Ch14 protectionOperating System Concepts - 8th Edition by Silberschatz, Galvin and Gagne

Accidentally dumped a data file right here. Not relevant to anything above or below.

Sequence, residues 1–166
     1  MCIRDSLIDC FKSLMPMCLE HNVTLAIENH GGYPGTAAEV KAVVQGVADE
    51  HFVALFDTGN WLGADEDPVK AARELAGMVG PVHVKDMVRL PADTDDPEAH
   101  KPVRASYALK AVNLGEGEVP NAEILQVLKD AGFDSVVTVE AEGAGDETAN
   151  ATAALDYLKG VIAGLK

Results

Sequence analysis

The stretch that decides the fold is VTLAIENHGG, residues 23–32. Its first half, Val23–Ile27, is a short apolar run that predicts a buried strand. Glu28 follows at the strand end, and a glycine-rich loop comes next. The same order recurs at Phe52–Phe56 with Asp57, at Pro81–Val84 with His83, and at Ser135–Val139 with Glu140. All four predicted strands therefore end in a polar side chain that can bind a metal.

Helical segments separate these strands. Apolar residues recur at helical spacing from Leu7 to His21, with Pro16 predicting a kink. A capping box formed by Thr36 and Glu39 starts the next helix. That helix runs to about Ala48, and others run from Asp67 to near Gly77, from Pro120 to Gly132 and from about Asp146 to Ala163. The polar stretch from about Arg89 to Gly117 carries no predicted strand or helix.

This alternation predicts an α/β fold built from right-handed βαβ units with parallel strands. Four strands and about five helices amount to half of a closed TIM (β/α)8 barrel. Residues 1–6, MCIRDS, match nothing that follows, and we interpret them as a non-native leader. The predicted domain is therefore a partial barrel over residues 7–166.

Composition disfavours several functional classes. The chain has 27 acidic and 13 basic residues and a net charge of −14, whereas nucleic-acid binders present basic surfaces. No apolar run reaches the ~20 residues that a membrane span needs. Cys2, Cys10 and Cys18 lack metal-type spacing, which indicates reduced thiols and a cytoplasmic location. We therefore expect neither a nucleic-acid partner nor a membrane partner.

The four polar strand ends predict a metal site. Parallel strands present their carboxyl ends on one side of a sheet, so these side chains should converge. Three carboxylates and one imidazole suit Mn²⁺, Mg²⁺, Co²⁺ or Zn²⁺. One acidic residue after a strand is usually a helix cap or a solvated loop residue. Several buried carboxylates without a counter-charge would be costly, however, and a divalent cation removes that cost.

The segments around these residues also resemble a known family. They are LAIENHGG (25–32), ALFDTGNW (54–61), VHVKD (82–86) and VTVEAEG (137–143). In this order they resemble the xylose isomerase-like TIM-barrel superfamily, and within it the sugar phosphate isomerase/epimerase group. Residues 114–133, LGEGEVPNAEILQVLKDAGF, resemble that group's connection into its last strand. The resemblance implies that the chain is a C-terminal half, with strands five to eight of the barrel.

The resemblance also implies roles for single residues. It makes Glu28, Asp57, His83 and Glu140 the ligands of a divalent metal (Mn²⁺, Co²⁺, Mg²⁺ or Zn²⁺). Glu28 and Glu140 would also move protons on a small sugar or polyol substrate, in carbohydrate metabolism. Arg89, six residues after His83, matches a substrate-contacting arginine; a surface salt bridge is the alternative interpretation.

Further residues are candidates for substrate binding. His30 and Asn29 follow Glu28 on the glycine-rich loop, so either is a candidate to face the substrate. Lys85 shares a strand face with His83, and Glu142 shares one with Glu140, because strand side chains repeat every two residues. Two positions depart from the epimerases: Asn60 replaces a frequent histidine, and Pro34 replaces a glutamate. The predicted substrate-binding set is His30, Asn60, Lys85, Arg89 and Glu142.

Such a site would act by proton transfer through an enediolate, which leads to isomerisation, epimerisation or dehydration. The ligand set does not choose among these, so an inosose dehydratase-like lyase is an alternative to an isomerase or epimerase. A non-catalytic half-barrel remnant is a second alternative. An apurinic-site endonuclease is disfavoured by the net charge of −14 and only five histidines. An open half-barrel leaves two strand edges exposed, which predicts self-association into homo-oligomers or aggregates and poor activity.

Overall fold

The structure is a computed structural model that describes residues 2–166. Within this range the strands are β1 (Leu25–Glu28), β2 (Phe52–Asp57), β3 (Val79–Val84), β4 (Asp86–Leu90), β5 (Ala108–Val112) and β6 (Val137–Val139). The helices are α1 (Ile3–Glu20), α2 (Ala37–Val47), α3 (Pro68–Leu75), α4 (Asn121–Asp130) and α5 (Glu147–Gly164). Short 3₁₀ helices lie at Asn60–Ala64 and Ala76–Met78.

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Silberschatz, Galvin and Gagne 2009Operating System Concepts 8th Edition Chapter 14: Protection 2. 14.2 Silberschatz, Galvin and Gagne 2009Operating System Concepts 8th Edition Chapter 14: Protection Goals of Protection Principles of Protection Domain of Protection Access Matrix Implementation of Access Matrix Access Control Revocation of Access Rights Capability-Based Systems Language-Based Protection 3. 14.3 Silberschatz, Galvin and Gagne 2009Operating System Concepts 8th Edition Objectives Discuss the goals and principles of protection in a modern computer system Explain how protection domains combined with an access matrix are used to specify the resources a process may access Examine capability and language-based protection systems 4. 14.4 Silberschatz, Galvin and Gagne 2009Operating System Concepts 8th Edition Goals of Protection In one protection model, computer consists of a collection of objects, hardware or software Each object has a unique name and can be accessed through a well-defined set of operations Protection problem - ensure that each object is accessed correctly and only by those processes that are allowed to do so 5. 14.5 Silberschatz, Galvin and Gagne 2009Operating System Concepts 8th Edition Principles of Protection Guiding principle principle of least privilege Programs, users and systems should be given just enough privileges to perform their tasks Limits damage if entity has a bug, gets abused Can be static (during life of system, during life of process) Or dynamic (changed by process as needed) domain switching, privilege escalation Need to know a similar concept regarding access to data Must consider grain aspect Rough-grained privilege management easier, simpler, but least privilege now done in large chunks For example, traditional Unix processes either have abilities of the associated user, or of root Fine-grained management more complex, more overhead, but more protective File ACL lists, RBAC Domain can be user, process, procedure 6. 14.6 Silberschatz, Galvin and Gagne 2009Operating System Concepts 8th Edition Domain Structure Access-right = where rights-set is a subset of all valid operations that can be performed on the object Domain = set of access-rights 7. 14.7 Silberschatz, Galvin and Gagne 2009Operating System Concepts 8th Edition Domain Implementation (UNIX) Domain = user-id Domain switch accomplished via file system Each file has associated with it a domain bit (setuid bit) When file is executed and setuid = on, then user-id is set to owner of the file being executed When execution completes user-id is reset Domain switch accomplished via passwords su command temporarily switches to another users domain when other domains password provided Domain switching via commands sudo command prefix executes specified command in another domain (if original domain has privilege or password given) 8. 14.8 Silberschatz, Galvin and Gagne 2009Operating System Concepts 8th Edition Domain Implementation (MULTICS) Let Di and Dj be any two domain rings If j < I Di Dj 9. 14.9 Silberschatz, Galvin and Gagne 2009Operating System Concepts 8th Edition Multics Benefits and Limits Ring / hierarchical structure provided more than the basic kernel / user or root / normal user design Fairly complex -> more overhead But does not allow strict need-to-know Object accessible in Dj but not in Di, then j must be < i But then every segment accessible in Di also accessible in Dj 10. 14.10 Silberschatz, Galvin and Gagne 2009Operating System Concepts 8th Edition Access Matrix View protection as a matrix (access matrix) Rows represent domains Columns represent objects Access(i, j) is the set of operations that a process executing in Domaini can invoke on Objectj 11. 14.11 Silberschatz, Galvin and Gagne 2009Operating System Concepts 8th Edition Access Matrix 12. 14.12 Silberschatz, Galvin and Gagne 2009Operating System Concepts 8th Edition Use of Access Matrix If a process in Domain Di tries to do op on object Oj, then op must be in the access matrix User who creates object can define access column for that object Can be expanded to dynamic protection Operations to add, delete access rights Special access rights: owner of Oi copy op from Oi to Oj (denoted by *) control Di can modify Dj access rights transfer switch from domain Di to Dj Copy and Owner applicable to an object Control applicable to domain object 13. 14.13 Silberschatz, Galvin and Gagne 2009Operating System Concepts 8th Edition Use of Access Matrix (Cont.) Access matrix design separates mechanism from policy Mechanism Operating system provides access-matrix + rules If ensures that the matrix is only manipulated by authorized agents and that rules are strictly enforced Policy User dictates policy Who can access what object and in what mode But doesnt solve the general confinement problem 14. 14.14 Silberschatz, Galvin and Gagne 2009Operating System Concepts 8th Edition Access Matrix of Figure A with Domains as Objects 15. 14.15 Silberschatz, Galvin and Gagne 2009Operating System Concepts 8th Edition Access Matrix with Copy Rights 16. 14.16 Silberschatz, Galvin and Gagne 2009Operating System Concepts 8th Edition Access Matrix With Owner Rights 17. 14.17 Silberschatz, Galvin and Gagne 2009Operating System Concepts 8th Edition Modified Access Matrix of Figure B 18. 14.18 Silberschatz, Galvin and Gagne 2009Operating System Concepts 8th Edition Implementation of Access Matrix Generally, a sparse matrix Option 1 Global table Store ordered triples < domain, object, rights-set > in table A requested operation M on object Oj within domain Di -> search table for < Di, Oj, Rk > with M Rk But table could be large -> wont fit in main memory Difficult to group objects (consider an object that all domains can read) Option 2 Access lists for objects Each column implemented as an access list for one object Resulting per-object list consists of ordered pairs < domain, rights-set > defining all domains with non-empty set of access rights for the object Easily extended to contain default set -> If M default set, also allow access 19. 14.19 Silberschatz, Galvin and Gagne 2009Operating System Concepts 8th Edition Each column = Access-control list for one object Defines who can perform what operation Domain 1 = Read, Write Domain 2 = Read Domain 3 = Read Each Row = Capability List (like a key) For each domain, what operations allowed on what objects Object F1 Read Object F4 Read, Write, Execute Object F5 Read, Write, Delete, Copy 20. 14.20 Silberschatz, Galvin and Gagne 2009Operating System Concepts 8th Edition Implementation of Access Matrix (Cont.) Option 3 Capability list for domains Instead of object-based, list is domain based Capability list for domain is list of objects together with operations allows on them Object represented by its name or address, called a capability Execute operation M on object Oj, process requests operation and specifies capability as parameter Possession of capability means access is allowed Capability list associated with domain but never directly accessible by domain Rather, protected object, maintained by OS and accessed indirectly Like a secure pointer Idea can be extended up to applications Option 4 Lock-key Compromise between access lists and capability lists Each object has list of unique bit patterns, called locks Each domain as list of unique bit patterns called keys Process in a domain can only access object if domain has key that matches one of the locks 21. 14.21 Silberschatz, Galvin and Gagne 2009Operating System Concepts 8th Edition Comparison of Implementations Many trade-offs to consider Global table is simple, but can be large Access lists correspond to needs of users Determining set of access rights for domain non-localized so difficult Every access to an object must be checked Many objects and access rights -> slow Capability lists useful for localizing information for a given process But revocation capabilities can be inefficient Lock-key effective and flexible, keys can be passed freely from domain to domain, easy revocation Most systems use combination of access lists and capabilities First access to an object -> access list searched If allowed, capability created and attached to process Additional accesses need not be checked After last access, capability destroyed Consider file system with ACLs per file 22. 14.22 Silberschatz, Galvin and Gagne 2009Operating System Concepts 8th Edition Access Control Protection can be applied to non-file resources Solaris 10 provides role-based access control (RBAC) to implement least privilege Privilege is right to execute system call or use an option within a system call Can be assigned to processes Users assigned roles granting access to privileges and programs Enable role via password to gain its privileges Similar to access matrix 23. 14.23 Silberschatz, Galvin and Gagne 2009Operating System Concepts 8th Edition Role-based Access Control in Solaris 10 24. 14.24 Silberschatz, Galvin and Gagne 2009Operating System Concepts 8th Edition Revocation of Access Rights Various options to remove the access right of a domain to an object Immediate vs. delayed Selective vs. general Partial vs. total Temporary vs. permanent Access List Delete access rights from access list Simple search access list and remove entry Immediate, general or selective, total or partial, permanent or temporary Capability List Scheme required to locate capability in the system before capability can be revoked Reacquisition periodic delete, with require and denial if revoked Back-pointers set of pointers from each object to all capabilities of that object (Multics) Indirection capability points to global ta